The End of the World?

22 07 2010

Don’t they know it’s the end of the world?  It ended when you said, “Goodbye.”

Sylvia Dee wrote these lyrics, first recorded in 1963 by Skeeter Davis, then later by over twenty-five different artists.  Clearly Ms Dee hit a nerve common to almost all of us.

There is, I think, a flaw in the logic of this extremely popular tune.  The “end of the world,”  to me, connotes a void.  When we lose someone we love, there is no void. There is Anguish.





Profound and aching Sadness.

As  time passes,  we begin to feel blunted – grim, resigned, tired. Then one day, we begin to feel . . .  normal.  We regain our ability, slowly and falteringly, to appreciate the full range of life’s lows and highs.

I think when we lose someone we love it is not like the end of the world; it is like being thrown into the ocean.  Rip currents of grief drag us under and carry us far off course.  We feel we are surely going to perish in the churning depths of despair.  Suddenly, we find ourselves cast onto the shore, sputtering, disoriented, but alive. 

Losing a love is not the end of the world. It is the ebb and flow of the tides, the passing of time, the bruising and healing of the heart.  It is a shared human experience. 

We continue.




6 responses

22 07 2010
Diane McLauchlan

To experience such a loss does make one feel like it’s the end of the world, or should be, as the anguish is so great. Fortunately we do go on and, over time, the anguish is tempered with gentle, loving memories of times shared. Those memories plant themselves in the depths of our being, slowly turning into a gentle warming glow, providing its own unique comfort … a tender gift of the life force from the one you lost.

22 07 2010
Designs By Roxan

Paula, Your post was so poignant and brought back all the feeling I had when my dad died. While I was going through my own pain, my dad was going through his and was always angry, and very unpleasant to be around. In a way it was a gift he gave me since by the time he took his last breath we were all glad it was finally over and peace was restored in all our lives. It allowed us not to hang on and keep him here because of our own loss and feelings; it allowed us to free him up to go where he needed to go. I learned so much from this experience. It is easy to love the lovable but far harder to see through bad behavior and love the soul behind it all. As the pain from his death faded I was able to see through the veil of anger, anguish, and behavior to have compassion and love for the man who gave me life. Letting go of a loved one is the hardest thing we will ever have to do, and I pray you will be able to release Jessie when the time is right. You are in my prayers.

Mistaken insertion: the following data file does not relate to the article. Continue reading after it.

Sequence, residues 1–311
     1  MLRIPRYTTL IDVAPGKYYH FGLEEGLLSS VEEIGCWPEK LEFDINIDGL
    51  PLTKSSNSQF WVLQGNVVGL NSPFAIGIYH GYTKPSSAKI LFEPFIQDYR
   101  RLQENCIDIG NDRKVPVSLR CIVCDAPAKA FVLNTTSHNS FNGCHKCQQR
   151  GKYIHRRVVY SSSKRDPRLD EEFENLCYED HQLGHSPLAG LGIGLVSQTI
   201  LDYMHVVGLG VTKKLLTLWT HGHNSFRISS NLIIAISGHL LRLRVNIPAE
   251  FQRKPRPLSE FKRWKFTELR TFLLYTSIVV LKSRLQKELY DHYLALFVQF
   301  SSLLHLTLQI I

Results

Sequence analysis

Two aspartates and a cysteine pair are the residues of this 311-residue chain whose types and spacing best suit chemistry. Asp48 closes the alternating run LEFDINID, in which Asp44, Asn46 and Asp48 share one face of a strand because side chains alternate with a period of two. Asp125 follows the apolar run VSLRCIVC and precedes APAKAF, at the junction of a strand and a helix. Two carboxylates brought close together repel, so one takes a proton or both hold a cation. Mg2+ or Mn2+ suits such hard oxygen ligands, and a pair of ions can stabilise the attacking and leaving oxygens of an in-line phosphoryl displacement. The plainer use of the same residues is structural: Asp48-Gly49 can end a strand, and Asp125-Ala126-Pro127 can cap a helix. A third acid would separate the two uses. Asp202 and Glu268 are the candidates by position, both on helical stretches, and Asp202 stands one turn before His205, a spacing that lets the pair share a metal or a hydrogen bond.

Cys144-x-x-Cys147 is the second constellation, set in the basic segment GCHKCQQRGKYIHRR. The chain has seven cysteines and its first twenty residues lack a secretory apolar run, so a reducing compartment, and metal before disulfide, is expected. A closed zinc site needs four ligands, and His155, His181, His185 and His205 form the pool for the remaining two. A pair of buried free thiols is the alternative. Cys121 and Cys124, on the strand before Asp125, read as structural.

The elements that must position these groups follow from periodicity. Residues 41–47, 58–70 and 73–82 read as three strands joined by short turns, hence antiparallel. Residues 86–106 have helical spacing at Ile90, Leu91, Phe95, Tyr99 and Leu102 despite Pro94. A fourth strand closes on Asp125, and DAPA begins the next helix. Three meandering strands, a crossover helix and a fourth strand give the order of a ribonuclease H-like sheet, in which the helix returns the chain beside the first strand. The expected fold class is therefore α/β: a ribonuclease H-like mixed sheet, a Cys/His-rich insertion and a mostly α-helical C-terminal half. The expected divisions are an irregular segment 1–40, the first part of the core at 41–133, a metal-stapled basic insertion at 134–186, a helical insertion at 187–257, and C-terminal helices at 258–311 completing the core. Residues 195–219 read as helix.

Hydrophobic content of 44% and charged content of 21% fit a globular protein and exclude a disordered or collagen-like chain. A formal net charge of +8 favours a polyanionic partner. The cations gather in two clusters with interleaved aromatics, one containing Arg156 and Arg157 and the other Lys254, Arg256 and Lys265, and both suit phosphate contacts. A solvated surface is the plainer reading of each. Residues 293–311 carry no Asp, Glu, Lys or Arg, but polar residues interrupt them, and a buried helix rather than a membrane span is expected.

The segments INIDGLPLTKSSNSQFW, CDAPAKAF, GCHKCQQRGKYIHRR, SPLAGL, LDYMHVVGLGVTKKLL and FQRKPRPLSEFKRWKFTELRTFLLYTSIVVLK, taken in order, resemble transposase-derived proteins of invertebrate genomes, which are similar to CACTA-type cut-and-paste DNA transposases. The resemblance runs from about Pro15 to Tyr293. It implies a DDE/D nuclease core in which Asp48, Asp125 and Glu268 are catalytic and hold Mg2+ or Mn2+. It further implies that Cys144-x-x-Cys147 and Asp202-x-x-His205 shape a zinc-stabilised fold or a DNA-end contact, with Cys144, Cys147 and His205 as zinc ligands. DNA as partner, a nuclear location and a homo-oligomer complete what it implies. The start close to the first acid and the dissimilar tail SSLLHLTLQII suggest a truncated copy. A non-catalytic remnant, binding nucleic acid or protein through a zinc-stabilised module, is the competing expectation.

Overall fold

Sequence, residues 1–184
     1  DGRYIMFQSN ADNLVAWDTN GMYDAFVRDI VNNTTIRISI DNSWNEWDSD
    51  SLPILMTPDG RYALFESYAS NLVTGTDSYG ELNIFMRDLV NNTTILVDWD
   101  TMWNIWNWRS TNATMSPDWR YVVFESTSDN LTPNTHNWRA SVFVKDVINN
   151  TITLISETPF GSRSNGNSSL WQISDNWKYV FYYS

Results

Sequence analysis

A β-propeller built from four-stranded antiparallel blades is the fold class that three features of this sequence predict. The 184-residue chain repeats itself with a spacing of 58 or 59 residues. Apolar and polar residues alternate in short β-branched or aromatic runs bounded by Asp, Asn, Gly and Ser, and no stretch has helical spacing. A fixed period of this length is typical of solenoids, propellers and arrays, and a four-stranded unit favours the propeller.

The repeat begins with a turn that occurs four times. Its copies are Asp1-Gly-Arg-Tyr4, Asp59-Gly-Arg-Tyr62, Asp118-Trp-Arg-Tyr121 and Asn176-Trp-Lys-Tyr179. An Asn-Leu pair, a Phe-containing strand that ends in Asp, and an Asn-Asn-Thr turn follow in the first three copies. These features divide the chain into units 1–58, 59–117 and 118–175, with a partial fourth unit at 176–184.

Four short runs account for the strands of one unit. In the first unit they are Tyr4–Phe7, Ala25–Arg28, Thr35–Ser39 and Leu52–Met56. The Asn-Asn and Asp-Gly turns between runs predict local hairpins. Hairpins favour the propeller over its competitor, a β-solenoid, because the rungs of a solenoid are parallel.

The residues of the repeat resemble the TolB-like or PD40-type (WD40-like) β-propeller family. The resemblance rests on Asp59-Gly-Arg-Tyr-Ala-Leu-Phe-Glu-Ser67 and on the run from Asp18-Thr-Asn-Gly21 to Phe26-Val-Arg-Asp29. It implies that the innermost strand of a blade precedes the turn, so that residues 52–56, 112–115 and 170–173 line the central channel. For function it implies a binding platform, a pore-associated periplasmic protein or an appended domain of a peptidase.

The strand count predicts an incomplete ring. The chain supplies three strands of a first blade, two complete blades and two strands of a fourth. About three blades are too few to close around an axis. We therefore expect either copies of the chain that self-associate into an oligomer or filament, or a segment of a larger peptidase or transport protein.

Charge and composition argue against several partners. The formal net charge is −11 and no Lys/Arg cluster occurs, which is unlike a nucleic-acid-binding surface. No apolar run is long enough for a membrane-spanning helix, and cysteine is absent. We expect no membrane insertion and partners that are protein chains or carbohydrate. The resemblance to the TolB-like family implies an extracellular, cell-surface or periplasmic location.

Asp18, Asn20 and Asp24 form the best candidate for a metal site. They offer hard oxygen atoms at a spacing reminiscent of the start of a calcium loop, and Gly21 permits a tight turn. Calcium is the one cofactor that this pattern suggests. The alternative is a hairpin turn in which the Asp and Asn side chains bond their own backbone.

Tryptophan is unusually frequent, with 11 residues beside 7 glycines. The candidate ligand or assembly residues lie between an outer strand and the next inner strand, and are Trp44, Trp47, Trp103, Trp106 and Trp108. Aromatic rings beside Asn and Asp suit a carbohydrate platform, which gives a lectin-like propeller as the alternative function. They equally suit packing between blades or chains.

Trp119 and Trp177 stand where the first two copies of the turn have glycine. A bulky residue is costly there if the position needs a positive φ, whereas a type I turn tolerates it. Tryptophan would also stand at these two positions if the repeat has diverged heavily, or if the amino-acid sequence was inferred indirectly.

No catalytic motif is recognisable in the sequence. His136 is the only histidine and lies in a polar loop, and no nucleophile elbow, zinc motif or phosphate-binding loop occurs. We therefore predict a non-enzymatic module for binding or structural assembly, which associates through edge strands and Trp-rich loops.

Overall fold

22 07 2010

you nailed it, my friend….

Arlene (of the profound and aching sadness)

22 07 2010
Tammy Estep

Well Paula you have inspired me to blog. May I offer you some comfort from another writer Tony Arata and recorded by Garth Brooks. Because music is my comfort I have always found these lyrics so truthful and touching that evertime I hear it I think “Wow” what a great song! For now “Let’s Dance”!

The Dance

” And now I’m glad I didn’t know.
The way it all would end the way it all would go
Our lives are better left to chance I could have missed the pain
But I’d of had to miss the Dance”

24 07 2010
Erin Keck

I feel for you my friend. This all hits so close to home. Taking care of my best friend, my mother for 13 years and then being with her as she passed on. It was so hard to let her go. Her aide told me a week or so before Mom left,
“You are so lucky to have her right now. Live for right now, There will be time to grieve after she is gone.” She was so right. We can only live for now. Who knows what tomorrow or even the next few hours will bring. It may be us, ourselves who in some bizarre circumstance will be chosen to pass and taken from those who love us.
Now after the grief of my personal loss has subsided, to look at the future as I do without my mother here on earth it is a comfort in my faith to know that I will be with her again someday.

25 07 2010

15 months ago my mother passed away 3 days after her 73rd birthday after more than 2 years of fighting the worst/best fight I’ve ever seen.

I loved her so much she had to stay.

I loved her so much I had to let her go.

She asked me to speak for her when she no longer could.

I loved her so much I had to let her go.

You are the strongest woman I know now Paula.

You, Ken, and Jessie are in my thoughts and prayers. You are not alone.

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